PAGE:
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Lindsey Kuper

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"CSS is much too interesting and elegant to be not taken seriously." [Jun. 26th, 2006|05:03 pm]
Lindsey Kuper

Sweet! John Walker, the guy who founded Autodesk, liked the feedback I sent him about tiled background image alignment.

Reader Lindsey observes that the "<span>" tag can be made to behave as a block-level element by adding a "display: block;" property to the style definition applied to the span. This works fine in Firefox, Opera, and Internet Explorer. Declaring the span to be a block-level element also causes the background to fill the box instead of appearing ragged right. I have added an example of such a declaration to the example document. Still, as Lindsey notes, it's better to apply the background style to an enclosing container which is a block-level element to begin with instead of forcing the browser to change the interpretation of an inline element to behave as a block. (2006-06-26 12:24 UTC)

All these years, and I still haven't gotten tired of CSS. You know how sometimes you make a decision and you know it was the right one because other, seemingly unrelated things fall into place? That's what I dig so much about CSS -- when you're doing it right, if one component is well-written, other things can't help but be well-written too. I suppose that it becomes this way with anything, once you get good enough at it -- but I wouldn't know.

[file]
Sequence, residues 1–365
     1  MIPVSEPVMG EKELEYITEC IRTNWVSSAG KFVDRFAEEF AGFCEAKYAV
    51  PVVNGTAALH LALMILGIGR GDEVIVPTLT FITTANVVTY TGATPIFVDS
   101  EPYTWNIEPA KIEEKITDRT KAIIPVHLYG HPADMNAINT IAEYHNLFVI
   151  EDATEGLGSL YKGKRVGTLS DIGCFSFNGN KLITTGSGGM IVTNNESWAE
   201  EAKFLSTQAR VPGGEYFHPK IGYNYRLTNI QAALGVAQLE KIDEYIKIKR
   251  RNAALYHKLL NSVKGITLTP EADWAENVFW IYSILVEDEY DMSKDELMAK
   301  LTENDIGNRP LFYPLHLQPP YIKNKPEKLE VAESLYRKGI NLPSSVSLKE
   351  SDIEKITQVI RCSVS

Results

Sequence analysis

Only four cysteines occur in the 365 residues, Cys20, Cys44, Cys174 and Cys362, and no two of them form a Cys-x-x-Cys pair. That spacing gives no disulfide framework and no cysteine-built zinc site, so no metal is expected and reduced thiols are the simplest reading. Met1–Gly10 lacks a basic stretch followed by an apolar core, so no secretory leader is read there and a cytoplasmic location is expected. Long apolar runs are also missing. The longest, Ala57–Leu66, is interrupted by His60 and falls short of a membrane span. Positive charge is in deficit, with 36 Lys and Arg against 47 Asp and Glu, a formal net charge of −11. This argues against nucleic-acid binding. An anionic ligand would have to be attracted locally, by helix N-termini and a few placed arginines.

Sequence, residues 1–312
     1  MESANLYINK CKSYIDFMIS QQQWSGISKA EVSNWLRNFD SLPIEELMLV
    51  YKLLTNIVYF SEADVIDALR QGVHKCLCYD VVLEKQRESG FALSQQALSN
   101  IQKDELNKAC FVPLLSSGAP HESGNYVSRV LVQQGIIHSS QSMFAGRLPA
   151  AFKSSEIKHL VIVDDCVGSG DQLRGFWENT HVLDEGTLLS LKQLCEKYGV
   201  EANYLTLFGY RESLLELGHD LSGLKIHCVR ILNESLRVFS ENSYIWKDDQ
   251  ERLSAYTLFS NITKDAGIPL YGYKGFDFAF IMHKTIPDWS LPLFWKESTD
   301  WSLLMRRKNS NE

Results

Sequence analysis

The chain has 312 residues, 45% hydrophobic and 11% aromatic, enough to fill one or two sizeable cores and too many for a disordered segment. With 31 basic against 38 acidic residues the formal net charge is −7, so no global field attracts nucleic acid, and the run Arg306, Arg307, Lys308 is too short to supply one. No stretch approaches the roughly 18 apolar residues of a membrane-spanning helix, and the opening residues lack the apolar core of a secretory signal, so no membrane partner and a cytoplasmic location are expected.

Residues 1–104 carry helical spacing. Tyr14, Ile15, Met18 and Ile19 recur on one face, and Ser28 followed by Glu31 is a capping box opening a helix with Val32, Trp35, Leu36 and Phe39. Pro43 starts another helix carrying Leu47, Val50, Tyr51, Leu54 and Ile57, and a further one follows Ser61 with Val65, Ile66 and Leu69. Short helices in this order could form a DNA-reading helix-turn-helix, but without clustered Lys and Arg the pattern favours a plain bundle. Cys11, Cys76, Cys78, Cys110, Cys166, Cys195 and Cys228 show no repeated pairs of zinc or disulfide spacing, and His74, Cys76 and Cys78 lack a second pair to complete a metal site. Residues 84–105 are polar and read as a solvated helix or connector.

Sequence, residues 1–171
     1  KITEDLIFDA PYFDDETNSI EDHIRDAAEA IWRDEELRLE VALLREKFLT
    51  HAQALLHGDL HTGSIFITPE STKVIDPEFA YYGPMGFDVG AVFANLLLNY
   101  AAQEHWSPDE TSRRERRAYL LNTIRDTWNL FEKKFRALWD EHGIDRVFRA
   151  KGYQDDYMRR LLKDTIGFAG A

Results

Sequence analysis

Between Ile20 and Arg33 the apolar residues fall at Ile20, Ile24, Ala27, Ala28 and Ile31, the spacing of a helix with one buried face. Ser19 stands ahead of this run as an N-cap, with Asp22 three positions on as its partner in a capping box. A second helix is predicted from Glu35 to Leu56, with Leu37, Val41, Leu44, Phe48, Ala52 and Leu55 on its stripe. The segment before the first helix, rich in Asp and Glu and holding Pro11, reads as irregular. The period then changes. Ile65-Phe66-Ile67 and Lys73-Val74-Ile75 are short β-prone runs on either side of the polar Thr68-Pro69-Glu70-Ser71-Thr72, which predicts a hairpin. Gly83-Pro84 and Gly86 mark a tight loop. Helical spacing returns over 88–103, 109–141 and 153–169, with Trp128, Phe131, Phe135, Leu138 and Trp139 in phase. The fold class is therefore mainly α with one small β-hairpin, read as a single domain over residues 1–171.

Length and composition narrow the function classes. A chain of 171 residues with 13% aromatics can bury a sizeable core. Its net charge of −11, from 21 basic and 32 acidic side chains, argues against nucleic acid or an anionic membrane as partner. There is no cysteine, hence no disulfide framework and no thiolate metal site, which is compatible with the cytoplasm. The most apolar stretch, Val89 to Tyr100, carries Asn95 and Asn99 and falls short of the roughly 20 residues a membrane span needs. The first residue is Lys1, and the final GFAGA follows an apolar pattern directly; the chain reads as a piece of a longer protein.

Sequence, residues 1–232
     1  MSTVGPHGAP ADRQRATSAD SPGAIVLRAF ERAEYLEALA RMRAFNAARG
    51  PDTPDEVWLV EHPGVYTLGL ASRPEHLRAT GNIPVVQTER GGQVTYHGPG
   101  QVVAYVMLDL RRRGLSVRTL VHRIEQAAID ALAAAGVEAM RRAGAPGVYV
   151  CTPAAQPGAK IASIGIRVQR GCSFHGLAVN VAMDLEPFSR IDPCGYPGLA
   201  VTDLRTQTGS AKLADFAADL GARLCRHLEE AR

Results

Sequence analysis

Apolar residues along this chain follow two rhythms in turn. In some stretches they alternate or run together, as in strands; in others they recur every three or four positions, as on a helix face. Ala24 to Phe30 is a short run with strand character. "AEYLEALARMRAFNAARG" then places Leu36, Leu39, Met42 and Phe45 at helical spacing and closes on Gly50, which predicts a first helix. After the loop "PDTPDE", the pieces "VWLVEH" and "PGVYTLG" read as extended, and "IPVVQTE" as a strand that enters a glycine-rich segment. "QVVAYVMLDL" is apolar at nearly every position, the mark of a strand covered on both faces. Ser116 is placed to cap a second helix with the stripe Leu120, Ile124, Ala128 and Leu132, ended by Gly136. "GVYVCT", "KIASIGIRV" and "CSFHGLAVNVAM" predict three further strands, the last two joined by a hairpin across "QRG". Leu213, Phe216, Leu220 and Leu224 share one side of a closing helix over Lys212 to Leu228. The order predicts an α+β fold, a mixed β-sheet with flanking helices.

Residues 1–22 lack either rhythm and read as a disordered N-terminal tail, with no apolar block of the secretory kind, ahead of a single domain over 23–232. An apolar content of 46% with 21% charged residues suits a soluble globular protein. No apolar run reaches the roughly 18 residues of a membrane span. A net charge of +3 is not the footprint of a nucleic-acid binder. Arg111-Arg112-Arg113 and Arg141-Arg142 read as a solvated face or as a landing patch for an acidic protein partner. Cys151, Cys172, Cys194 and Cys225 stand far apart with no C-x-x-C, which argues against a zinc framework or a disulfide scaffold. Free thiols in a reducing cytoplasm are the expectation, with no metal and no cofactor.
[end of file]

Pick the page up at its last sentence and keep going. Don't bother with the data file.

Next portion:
[User Picture]From: jes5199
2006-06-27 01:13 am (UTC)
i love and hate CSS. i always start to wish that i could have equations, like "width of element X is always twice the height of element FOO", like spreadsheet formulas for size values
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[User Picture]From: idealisms
2006-06-27 05:30 am (UTC)
I had started to write something for this a long time ago, but lost interest in it.

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[User Picture]From: dan_o_m
2006-07-12 05:02 am (UTC)
So...why is it better to apply block-type styles to enclosing block-level elements rather than force an inline element to act as a block? Higher likelihood of cross-browser compatibility?
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[User Picture]From: lindseykuper
2006-07-16 01:22 am (UTC)
To me it's just a matter of using the right tool for the job. Why try to change an inline element into something it's not, when the block-level element is available for you to use? Let the browser's default styles do some of the work for you.
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